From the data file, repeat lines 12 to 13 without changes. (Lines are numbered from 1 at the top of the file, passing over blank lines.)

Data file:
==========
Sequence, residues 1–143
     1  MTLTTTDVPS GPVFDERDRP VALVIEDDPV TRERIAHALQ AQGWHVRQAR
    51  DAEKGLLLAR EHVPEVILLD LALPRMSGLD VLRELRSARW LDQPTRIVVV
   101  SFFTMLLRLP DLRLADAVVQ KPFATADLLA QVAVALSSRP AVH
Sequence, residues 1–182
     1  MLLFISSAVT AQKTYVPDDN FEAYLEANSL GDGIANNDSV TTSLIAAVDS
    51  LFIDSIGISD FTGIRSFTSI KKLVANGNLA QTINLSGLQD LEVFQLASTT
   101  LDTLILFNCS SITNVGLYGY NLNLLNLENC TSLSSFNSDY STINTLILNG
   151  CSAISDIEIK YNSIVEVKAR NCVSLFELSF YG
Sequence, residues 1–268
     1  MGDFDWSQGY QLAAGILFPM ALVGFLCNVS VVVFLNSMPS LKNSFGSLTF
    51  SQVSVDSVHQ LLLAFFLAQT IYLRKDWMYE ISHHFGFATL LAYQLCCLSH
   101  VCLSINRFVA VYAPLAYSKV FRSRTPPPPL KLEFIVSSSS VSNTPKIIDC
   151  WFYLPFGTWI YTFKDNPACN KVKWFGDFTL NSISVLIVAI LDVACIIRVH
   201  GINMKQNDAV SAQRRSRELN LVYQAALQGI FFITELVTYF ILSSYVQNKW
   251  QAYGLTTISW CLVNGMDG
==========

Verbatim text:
    51  SQVSVDSVHQ LLLAFFLAQT IYLRKDWMYE ISHHFGFATL LAYQLCCLSH
   101  VCLSINRFVA VYAPLAYSKV FRSRTPPPPL KLEFIVSSSS VSNTPKIIDC